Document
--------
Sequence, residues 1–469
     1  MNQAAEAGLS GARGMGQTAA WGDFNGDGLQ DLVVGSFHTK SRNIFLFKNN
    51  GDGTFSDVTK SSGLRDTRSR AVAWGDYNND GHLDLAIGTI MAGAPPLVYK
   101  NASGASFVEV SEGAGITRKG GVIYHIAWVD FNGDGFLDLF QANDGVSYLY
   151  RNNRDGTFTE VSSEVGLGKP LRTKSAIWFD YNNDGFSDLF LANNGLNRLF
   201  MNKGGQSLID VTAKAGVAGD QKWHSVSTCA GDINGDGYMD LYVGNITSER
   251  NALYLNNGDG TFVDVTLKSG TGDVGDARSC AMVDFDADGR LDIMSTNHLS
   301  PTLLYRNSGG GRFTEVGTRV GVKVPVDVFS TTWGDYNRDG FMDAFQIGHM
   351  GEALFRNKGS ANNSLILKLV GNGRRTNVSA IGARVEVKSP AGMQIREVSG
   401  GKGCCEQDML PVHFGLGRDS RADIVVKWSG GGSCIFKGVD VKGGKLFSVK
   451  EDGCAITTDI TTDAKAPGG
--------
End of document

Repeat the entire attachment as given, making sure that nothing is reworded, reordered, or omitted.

Sequence, residues 1–469
     1  MNQAAEAGLS GARGMGQTAA WGDFNGDGLQ DLVVGSFHTK SRNIFLFKNN
    51  GDGTFSDVTK SSGLRDTRSR AVAWGDYNND GHLDLAIGTI MAGAPPLVYK
   101  NASGASFVEV SEGAGITRKG GVIYHIAWVD FNGDGFLDLF QANDGVSYLY
   151  RNNRDGTFTE VSSEVGLGKP LRTKSAIWFD YNNDGFSDLF LANNGLNRLF
   201  MNKGGQSLID VTAKAGVAGD QKWHSVSTCA GDINGDGYMD LYVGNITSER
   251  NALYLNNGDG TFVDVTLKSG TGDVGDARSC AMVDFDADGR LDIMSTNHLS
   301  PTLLYRNSGG GRFTEVGTRV GVKVPVDVFS TTWGDYNRDG FMDAFQIGHM
   351  GEALFRNKGS ANNSLILKLV GNGRRTNVSA IGARVEVKSP AGMQIREVSG
   401  GKGCCEQDML PVHFGLGRDS RADIVVKWSG GGSCIFKGVD VKGGKLFSVK
   451  EDGCAITTDI TTDAKAPGG